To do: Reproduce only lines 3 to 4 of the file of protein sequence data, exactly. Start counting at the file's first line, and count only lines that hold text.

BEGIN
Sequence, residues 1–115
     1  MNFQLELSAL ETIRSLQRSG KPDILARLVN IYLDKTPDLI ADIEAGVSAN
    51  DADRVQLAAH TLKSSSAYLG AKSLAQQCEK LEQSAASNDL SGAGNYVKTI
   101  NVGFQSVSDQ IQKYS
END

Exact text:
    51  DADRVQLAAH TLKSSSAYLG AKSLAQQCEK LEQSAASNDL SGAGNYVKTI
   101  NVGFQSVSDQ IQKYS